A big mauler of a tackle, Brown was certainly effective as a left tackle in college. Through 40 games he didn't allow a single sack, in fact. As Mike Mayock said, he doesn't make it look pretty, but he just manages to get his job done on the field. With the right tackle position wide open, he'll definitely get a chance to win a starting job immediately.

The Ravens came back three picks later with another Oklahoma player, and tight end, in Mark Andrews. This was easily the most interesting pick of the entire weekend for the Ravens. You see, Andrews is a tight end who can't block. Like...at all.

In fact, he doesn't block. At all. It's not just a schematic thing either, Andrews shows no real interest in getting on the line and mixing it up with defenders, a fact that I would have expected would lead the Ravens to having no interest in him.

But boy does he grab your attention as a receiver.

At Oklahoma, Andrews routinely lined up wide and ran routes you never see tight ends running despite carrying around a 6'5", 254 pound frame. He's got long arms, a tremendous catch radius, and outstanding hands. He can outjump most defenders as well, and has excellent instincts for the ball that makes him adept at grabbing contested passes in the middle.

Best of all for the Ravens, he's a matchup nightmare in the red zone, something the Ravens haven't had in the entire Flacco-Harbaugh era. I wouldn't be surprised to see him lined up on the outside in goal line plays, becoming a de facto wide receiver, in fact.

I was shocked when the Ravens broke type to pick him, but I'm equally excited about what he'll be able to do in an offense with Hurst on the other side of two tight end sets.

Day 3 was the usual Ravens routine of stocking up on solid players, especially guys who can help on special teams right away, but for the most part aren't worth talking up as though they're going to be future Pro Bowlers.

There were some stand outs, however.

The most interesting being UCLA wide receiver Jordan Lasley, who the Ravens took with the 25th pick in round 5. Lasley stands at 6'1" tall, ran a 4.5 40 at the combine, and caught 69 passes for 1,264 yard and 9 touchdowns in just 9 games in 2017. But he only played in nine games because of a susension handed down by the team.

Lasley has a history of getting himself into trouble, mostly pertaining to alcohol. He got caught using a fake ID at a club and had multiple citations for underage drinking/possession at UCLA. The Ravens have shied away from guys with "character issues" since the Ray Rice fiasco, but an argument could be made that Lasley's misdeeds aren't terribly severe in the broad scheme of things.

I'm certainly not going to pretend that I don't know roughly 247 people who drank alcohol before they turned 21 and/or had a fake ID at one point. His situation is reminiscent of Jimmy Smith's "character concerns" that caused him to fall to the second half of the first round back in 2011, and Smith has been both an extremely productive player and avoided trouble as a Raven.

If Lasley follows a similar trajectory, his scouting profile puts him squarely in line with a typical 2nd or 3rd round wideout so, again, the Ravens might have found a late round steal, but on offense for a change.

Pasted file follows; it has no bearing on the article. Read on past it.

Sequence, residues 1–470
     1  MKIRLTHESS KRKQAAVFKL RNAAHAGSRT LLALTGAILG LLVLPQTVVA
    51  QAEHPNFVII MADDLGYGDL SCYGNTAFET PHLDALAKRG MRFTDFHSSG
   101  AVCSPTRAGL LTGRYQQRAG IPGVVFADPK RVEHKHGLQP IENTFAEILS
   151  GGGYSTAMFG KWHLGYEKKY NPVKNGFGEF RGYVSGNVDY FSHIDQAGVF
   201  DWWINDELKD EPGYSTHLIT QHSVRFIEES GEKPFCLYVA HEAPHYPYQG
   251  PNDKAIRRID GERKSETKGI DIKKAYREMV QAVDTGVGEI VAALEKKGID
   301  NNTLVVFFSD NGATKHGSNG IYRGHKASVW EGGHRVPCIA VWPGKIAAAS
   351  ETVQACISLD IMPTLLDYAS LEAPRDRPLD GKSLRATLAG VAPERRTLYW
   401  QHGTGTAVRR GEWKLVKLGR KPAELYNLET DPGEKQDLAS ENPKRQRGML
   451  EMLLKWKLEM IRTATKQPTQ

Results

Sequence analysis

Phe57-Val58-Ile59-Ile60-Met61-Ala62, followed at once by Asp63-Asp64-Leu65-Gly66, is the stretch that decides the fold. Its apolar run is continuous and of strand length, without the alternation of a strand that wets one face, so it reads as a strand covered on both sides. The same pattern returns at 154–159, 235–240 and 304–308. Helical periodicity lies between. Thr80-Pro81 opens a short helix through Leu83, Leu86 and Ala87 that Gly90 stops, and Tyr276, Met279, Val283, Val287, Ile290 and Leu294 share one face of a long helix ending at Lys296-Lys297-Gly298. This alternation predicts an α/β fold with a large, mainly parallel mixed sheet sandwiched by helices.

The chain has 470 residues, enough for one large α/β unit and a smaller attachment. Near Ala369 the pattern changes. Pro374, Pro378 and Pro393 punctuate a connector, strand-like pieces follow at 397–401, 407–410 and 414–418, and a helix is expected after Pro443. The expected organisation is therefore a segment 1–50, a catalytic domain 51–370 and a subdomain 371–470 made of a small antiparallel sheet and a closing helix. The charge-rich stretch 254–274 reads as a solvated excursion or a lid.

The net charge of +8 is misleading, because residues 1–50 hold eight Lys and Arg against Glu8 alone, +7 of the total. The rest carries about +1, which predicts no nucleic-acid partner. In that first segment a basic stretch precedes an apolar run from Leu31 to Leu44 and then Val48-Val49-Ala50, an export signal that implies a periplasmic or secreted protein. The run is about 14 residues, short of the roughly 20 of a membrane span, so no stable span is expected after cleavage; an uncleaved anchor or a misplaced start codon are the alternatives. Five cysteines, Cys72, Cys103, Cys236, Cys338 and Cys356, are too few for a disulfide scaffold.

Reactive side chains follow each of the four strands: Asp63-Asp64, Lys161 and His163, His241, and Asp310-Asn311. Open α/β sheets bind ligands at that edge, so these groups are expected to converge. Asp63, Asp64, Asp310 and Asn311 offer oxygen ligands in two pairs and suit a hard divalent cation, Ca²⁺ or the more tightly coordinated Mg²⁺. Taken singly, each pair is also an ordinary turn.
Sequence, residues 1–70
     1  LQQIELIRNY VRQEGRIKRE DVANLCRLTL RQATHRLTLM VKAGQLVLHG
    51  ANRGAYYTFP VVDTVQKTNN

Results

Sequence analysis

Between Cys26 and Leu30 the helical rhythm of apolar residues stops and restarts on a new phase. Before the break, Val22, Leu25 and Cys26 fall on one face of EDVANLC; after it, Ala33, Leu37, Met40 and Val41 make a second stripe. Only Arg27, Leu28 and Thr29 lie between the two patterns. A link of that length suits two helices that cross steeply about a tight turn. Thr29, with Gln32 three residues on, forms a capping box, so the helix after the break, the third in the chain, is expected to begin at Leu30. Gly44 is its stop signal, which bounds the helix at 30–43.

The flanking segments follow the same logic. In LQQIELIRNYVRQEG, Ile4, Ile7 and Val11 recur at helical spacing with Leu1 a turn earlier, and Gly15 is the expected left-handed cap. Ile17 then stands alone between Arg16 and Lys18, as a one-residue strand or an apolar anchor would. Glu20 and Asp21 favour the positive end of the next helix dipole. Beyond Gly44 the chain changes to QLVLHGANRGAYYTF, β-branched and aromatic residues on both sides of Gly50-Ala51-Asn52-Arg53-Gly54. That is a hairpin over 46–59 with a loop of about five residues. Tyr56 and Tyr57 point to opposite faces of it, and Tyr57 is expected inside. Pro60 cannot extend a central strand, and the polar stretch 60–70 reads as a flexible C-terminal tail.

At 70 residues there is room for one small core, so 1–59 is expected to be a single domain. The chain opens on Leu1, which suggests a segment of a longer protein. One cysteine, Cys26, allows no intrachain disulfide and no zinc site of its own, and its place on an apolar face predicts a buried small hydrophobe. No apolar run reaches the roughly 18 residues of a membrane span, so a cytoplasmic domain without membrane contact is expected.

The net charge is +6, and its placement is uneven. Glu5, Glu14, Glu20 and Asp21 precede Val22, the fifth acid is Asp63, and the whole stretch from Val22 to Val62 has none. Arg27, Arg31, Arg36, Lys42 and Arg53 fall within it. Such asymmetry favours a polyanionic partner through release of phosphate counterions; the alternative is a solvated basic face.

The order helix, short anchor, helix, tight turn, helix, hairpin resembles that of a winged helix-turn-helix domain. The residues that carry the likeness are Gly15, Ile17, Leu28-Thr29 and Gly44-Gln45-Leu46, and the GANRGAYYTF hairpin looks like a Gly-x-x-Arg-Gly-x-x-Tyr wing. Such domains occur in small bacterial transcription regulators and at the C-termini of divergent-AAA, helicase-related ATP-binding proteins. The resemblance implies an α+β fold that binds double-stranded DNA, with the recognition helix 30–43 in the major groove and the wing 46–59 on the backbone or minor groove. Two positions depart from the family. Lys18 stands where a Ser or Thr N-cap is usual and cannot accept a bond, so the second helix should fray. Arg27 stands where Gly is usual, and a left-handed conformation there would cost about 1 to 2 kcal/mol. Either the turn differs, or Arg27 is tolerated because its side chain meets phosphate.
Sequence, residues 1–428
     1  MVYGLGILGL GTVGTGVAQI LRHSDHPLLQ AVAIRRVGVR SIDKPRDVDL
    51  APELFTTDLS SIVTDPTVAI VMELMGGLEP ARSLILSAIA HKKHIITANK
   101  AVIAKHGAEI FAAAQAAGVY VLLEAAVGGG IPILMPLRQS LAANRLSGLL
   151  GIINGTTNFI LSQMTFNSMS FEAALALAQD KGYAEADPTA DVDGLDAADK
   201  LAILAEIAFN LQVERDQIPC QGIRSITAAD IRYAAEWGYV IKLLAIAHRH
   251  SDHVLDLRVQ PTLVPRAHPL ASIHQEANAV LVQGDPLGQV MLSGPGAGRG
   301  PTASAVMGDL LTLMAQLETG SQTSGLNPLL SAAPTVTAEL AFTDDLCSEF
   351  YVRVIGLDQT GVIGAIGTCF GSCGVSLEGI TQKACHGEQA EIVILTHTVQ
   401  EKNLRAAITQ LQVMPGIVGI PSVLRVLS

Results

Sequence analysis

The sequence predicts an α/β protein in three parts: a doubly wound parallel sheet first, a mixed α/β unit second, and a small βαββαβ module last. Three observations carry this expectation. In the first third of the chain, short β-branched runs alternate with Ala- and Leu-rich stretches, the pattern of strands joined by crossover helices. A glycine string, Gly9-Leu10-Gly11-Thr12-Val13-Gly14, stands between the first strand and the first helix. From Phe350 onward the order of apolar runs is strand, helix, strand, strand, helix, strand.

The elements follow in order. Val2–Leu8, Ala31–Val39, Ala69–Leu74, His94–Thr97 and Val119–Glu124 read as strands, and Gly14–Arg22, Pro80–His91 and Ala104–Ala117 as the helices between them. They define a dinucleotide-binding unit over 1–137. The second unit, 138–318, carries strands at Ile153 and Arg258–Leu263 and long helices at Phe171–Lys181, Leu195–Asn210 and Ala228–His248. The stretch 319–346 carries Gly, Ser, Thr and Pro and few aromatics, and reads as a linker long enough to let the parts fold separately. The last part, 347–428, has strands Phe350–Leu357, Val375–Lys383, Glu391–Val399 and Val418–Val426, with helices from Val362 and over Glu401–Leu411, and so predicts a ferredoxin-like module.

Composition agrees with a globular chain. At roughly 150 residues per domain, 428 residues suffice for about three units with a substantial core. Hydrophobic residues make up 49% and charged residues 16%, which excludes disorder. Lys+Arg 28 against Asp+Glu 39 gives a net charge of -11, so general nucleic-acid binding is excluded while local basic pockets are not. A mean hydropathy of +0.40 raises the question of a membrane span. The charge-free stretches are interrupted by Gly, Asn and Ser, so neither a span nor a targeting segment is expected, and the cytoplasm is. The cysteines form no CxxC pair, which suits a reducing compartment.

On balance, the Ravens came in knowing that they needed to improve their offense, and their passing game in particular, and they went for broke. Between Hurst, Andrews, Brown, Jackson, and Lasley the Ravens may have five rookie starters on offense by the end of the season.

Along the way, Ozzie reminded us that there's no one better at working the draft board than him, while helping to usher in a new roster that will reflect the vision of people making these decisions next year and beyond as well. It was a fitting finale for a Hall of Fame tight end who deserves to be recognized as a Hall of Fame general manager one day as well.

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take dad to the u.s. open

#DMD is putting together a special one-day trip to the U.S. Open on June 15 at Shinnecock Hills GC on Long Island (NY) and we'd love for you to be part of it with us!

We're billing it as a "Day with Dad", but you certainly don't have to bring your father along. We just think it will be fun if you do!

Defending champion Brooks Koepka will be in the field at Shinnecock Hills on June 15 when #DMD travels to Long Island for the second round of this year's U.S. Open.

We're heading to Shinnecock Hills to see the second round of the 2018 U.S. Open, departing Baltimore at 5:00 and arriving at the course roughly around 9:00 am. We'll spend the whole day on the course watching the best players in the world play on one of our nation's most iconic golf courses.

If you've never seen Shinnecock Hills in person, this is a must-do opportunity to experience one of our nation's most breathaking and scenic courses.

Our luxury motor coach will be limited to just 40 passengers, giving everyone room to spread out and enjoy the ride to Long Island. We'll enjoy breakfast, drinks and snacks on the ride to the course and we'll have more food and drinks for everyone on the ride home.

Oh, and there's U.S. Open trivia as well! A $100 cash prize is available for our trivia contest, so brush up on those needless facts about the U.S. Open.

Bring Dad along for a truly special day together at the U.S. Open. All of the best players in the world will be there...and the two of you can watch the tournament on Saturday or Sunday with the experience of having just walked the famous layout.

#DMD golf trips like this one are also excellent for employee and client reward. If you have a golfer or two that work in your business or if there's a special client you'd like to treat, we promise we'll great care of them on the trip to Shinnecock Hills!

For pricing and payment details go here.